The following passage from Charles Portis’ True Grit describes the first time young Mattie Ross, Marshall “Rooster” Cogburn and Texas Ranger LaBouef meet face to face:

Rooster was eating candy.  He said, “Set down, sis, and have a piece of taffy.  This jaybird calls himself LaBoeuf.  He claims he is a State Ranger in Texas.  He come up here to tell us how the cow eat the cabbage.”

I said, “I know who he is.”

“He says he is on the track of our man.  He wants to throw in with us.”

“I know what he wants and I have already told him we are not interested in his help.  He has gone behind my back.”

“What is it?” said Rooster.  “What is the trouble?”

“There is no trouble except of his own making.” said I.  “He made a proposition and I turned it down.  That is all.  We don’t need him.”

“Well now, he might come in handy,” said Rooster.  “It will not cost us anything.  He has a big-bore Sharps carbine if we are jumped by buffaloes or elephants.  He says he knows how to use it.  I say let him go.  We might run into some lively work.”

“No, we don’t need him,” said I.  “I have already told him that.  I have got my horse and everything is ready.  Have you seen to all your business?”

Rooster said, “Everything is ready but the grub and it is working.  The chief deputy wanted to know who had done them [expense] sheets.  He said he would put you on down there at good wages if you wanted a job.  Potter’s wife is fixing the eats.  She is not what I call a good cook but she is good enough and she needs the money.”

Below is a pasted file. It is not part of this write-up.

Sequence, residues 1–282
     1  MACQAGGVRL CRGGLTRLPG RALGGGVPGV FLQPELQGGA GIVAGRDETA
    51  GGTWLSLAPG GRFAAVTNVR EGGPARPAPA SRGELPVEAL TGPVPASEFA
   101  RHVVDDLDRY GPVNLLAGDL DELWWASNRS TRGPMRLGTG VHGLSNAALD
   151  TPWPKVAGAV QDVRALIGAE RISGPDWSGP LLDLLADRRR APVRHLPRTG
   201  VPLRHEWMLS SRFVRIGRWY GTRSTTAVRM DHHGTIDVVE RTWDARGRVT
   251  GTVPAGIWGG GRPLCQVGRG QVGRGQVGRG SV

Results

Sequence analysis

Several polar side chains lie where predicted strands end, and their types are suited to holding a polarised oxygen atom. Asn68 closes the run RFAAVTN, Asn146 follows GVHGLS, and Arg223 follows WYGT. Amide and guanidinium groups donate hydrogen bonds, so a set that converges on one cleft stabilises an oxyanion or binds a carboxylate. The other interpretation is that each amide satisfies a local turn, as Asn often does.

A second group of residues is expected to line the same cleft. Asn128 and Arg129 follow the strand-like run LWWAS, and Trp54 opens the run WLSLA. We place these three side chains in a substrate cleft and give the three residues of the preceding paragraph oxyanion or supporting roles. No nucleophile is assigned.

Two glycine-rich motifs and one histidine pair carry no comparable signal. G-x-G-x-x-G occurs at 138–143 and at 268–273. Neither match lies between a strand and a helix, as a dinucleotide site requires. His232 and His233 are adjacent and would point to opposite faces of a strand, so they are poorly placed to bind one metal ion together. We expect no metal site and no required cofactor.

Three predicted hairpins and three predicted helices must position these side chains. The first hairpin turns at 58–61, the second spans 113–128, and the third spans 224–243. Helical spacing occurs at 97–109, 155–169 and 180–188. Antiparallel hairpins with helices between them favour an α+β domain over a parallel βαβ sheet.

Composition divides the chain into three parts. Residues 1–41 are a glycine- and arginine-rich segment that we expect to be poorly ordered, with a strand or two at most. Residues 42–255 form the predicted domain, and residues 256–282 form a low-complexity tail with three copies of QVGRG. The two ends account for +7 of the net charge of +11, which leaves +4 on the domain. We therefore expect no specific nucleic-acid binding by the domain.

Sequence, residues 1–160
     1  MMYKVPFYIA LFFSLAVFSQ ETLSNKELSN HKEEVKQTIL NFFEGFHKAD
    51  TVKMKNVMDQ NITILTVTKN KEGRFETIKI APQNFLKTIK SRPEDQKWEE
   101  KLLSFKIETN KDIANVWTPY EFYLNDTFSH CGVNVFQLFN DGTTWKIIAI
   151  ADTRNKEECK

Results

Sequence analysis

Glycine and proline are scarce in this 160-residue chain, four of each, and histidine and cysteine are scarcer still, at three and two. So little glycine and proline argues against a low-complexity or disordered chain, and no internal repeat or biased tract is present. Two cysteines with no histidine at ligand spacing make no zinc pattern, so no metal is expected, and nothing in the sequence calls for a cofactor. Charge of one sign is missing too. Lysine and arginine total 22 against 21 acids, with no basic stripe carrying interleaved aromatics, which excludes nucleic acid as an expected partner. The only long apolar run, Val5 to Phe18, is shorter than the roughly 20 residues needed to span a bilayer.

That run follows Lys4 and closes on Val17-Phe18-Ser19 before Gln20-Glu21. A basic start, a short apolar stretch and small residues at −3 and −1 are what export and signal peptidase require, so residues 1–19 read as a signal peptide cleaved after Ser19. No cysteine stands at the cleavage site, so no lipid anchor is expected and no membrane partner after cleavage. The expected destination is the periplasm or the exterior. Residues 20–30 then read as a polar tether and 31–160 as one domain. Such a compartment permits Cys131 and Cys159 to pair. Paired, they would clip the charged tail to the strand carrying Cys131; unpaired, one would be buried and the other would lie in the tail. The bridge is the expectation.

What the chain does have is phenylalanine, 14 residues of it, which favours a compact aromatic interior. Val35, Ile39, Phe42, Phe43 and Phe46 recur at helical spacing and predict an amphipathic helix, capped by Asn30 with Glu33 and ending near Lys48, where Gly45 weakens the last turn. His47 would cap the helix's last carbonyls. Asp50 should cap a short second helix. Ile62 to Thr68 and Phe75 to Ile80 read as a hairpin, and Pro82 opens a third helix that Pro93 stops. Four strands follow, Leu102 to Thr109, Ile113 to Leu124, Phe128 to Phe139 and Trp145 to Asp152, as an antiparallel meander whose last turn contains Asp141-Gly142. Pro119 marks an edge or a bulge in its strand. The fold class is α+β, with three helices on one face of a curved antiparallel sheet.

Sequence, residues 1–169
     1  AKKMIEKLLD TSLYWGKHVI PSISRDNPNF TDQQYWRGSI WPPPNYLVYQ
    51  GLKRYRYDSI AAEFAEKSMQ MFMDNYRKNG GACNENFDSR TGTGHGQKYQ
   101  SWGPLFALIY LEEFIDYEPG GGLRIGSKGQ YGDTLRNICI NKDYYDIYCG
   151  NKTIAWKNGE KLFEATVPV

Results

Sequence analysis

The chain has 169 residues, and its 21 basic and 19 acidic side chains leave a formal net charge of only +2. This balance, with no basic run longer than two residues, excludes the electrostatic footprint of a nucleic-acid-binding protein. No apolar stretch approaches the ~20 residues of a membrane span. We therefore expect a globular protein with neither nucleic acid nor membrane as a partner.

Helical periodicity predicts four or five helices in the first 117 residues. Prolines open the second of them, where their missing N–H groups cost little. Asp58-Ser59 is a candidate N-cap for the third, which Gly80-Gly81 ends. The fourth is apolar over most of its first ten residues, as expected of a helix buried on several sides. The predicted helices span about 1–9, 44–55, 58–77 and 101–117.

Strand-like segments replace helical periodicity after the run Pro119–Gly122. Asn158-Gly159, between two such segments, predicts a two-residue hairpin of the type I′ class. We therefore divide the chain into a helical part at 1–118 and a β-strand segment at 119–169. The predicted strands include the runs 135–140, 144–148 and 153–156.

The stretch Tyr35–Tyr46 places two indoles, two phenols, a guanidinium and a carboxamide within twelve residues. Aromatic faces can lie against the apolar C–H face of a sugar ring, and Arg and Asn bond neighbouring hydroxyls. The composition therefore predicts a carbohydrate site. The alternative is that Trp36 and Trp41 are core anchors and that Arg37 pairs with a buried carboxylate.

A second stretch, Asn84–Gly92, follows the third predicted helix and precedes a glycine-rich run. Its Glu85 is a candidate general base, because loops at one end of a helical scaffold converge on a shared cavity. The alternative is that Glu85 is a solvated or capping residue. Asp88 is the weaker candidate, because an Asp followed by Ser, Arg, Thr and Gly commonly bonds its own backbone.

LaBoeuf said, “I reckon I must have the wrong man.  Do you let little girls hooraw you, Cogburn?”

Rooster turned his cold right eye on the Texan.  “Did you say hooraw?”

“Hooraw,” said LaBoeuf.  “That was the word.”

“Maybe you would like to see some real hoorawing?”

“There is no hoorawing in it,” said I.  “The marshall is working for me.  I am paying him.”

There does not appear to be any definition of “hooraw” readily available on the intertoobs.  In this context, I take it to be an almost untranslatable term for bullying from a position of only apparent, without real, strength.  Thus, to me it also has underlying connotations of manipulation, bluster, deceit and false advantage.

At any rate, it is not at all lost on me that both Mattie from the book and the eldest of the port swiller gels are fourteen.   And I find that I have had to say something to Mrs. R along the lines of “That girl is trying to hooraw you” often enough that Mrs. R now knows exactly what I mean, and is indeed beginning to employ the word herself.